What's great:
  • This is an awesome tool for PROGRESS MONITORING.   This year, I have three boys with significant phonological disorders.  I take data on specific sounds daily, but to get an overall picture of progress, I like to assess informally.  Paper test protocols are expensive, so this assessment can give a good picture of progress without using up your test forms.  
  • Once you finish an assessment, this app generates a report.  All words/sounds in error are compiled into something which makes a little sense without having to sit there with the manual and charts.  
  • The app itself is easy to use.  You have to take some time to practice scoring, and figuring out which sound and phonological process button to press, but my graduate student intern learned this in no time....quicker than me.
  • The pictures for eliciting sounds are well done.  Some words, I had to orally tell the child, but that is true for other articulation assessments too, especially for students with vocabulary delays.
  • The app developer is quick to respond to suggestions and ideas for improvement.  This is an extremely important feature.  Unlike paper assessments, if you notice a mistake, app bug, or have a suggestion, the turn around time to upgrade and update the app can be a couple of weeks.  The app you buy now will only get better!   I also have a copy of the Smarty Ears Sunny Test of Articulation, and upgrades have improved it immensely over the years!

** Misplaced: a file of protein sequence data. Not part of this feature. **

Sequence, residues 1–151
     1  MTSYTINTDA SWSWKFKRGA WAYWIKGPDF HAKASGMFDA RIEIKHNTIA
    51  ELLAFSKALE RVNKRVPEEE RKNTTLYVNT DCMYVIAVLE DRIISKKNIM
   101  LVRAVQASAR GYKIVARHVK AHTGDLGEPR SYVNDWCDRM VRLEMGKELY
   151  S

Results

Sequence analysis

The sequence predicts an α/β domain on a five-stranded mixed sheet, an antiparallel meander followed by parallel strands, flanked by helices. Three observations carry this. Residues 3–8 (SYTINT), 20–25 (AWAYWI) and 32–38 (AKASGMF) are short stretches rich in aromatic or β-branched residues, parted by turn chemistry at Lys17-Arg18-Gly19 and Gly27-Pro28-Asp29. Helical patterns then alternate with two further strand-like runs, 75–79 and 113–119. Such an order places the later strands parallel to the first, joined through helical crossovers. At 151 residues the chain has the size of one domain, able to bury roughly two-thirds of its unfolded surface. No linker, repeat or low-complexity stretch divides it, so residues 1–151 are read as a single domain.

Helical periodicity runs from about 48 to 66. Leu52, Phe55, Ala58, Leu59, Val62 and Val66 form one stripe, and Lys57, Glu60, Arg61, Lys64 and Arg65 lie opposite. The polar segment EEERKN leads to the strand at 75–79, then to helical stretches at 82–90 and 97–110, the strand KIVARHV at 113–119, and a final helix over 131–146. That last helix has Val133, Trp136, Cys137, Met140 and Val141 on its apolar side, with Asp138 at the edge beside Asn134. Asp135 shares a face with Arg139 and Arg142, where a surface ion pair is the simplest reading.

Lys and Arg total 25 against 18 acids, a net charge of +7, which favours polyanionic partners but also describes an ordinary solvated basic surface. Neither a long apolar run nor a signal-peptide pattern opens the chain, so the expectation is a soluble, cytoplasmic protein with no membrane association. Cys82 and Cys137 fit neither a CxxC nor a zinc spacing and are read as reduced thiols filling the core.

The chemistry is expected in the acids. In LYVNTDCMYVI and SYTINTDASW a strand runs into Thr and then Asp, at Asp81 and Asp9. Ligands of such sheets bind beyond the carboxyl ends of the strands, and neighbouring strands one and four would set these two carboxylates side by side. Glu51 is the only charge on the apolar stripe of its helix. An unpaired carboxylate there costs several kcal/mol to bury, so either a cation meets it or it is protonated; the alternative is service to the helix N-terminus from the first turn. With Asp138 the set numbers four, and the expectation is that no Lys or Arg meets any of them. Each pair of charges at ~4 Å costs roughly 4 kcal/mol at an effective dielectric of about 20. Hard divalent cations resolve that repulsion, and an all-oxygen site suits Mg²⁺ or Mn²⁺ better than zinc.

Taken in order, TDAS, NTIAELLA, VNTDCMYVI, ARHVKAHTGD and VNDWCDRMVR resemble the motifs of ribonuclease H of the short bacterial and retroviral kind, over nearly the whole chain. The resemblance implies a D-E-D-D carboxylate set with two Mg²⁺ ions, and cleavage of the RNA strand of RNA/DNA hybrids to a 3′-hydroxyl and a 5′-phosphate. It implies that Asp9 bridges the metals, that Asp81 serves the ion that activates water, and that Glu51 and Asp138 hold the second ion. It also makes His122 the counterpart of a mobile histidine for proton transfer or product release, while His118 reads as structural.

Areas to think about before purchasing:

  • I work for a school system and our assessment kit for articulation has one central player (in our case it's the Goldman-Fristoe).  This is not going to change anytime soon.  For placement purposes and eligibility, all kids need to be assessed the same way and it's hard for an app to compete with such a solid bedrock which has been standardized and used with such a large number of children.   I plan on continuing to follow our district guidelines for assessment when placing and re-evaluating children within the special education assessment process.  That being said, this app is extremely useful for monitoring progress of children who are currently in therapy.  
  • If a child has a severe phonological disorder where multiple processes might be playing a part in a single word, this app has limitations on how many errors you can actually record.  For example, my child had a voicing error and substitution for one blend.  I could only record one. There is a notes feature in the app, but that wasn't quite the same as being able to record as the child is articulating the word.
  • It would be nice if the app could automatically determine the phonological process based on the error recorded.  Sometimes, for example, I recorded an error as substitution when it actually was assimilation.
  • If your student only has one sound error, or a frontal or lateral /s/ distortion, this is not the test for you in my opinion.  This assessment is for children who have phonological disorders such as assimilation, cluster reduction, and multiple substitutions.    
  • I didn't have access to the manual or the normative data.  I did look up the other reviews of this app from other bloggers and they seemed to indicate that the norming sample was rather limited to Texas and a limited number of children.  For that reason, if your test absolutely needs valid standard scores, you may either want to find another assessment, or wait until this developer publishes their data and then determine whether the norming sample is adequate for where you live.
All in all, I plan on continuing to use this app to monitor progress in my students with phonological process problems.  As I said, this app is new, and is only getting better as time goes on due to quick follow-up by the people at Smarty Ears.  This is a nice tool for those of us who travel, and it's nice to have a quick means to measure overall progress in a child.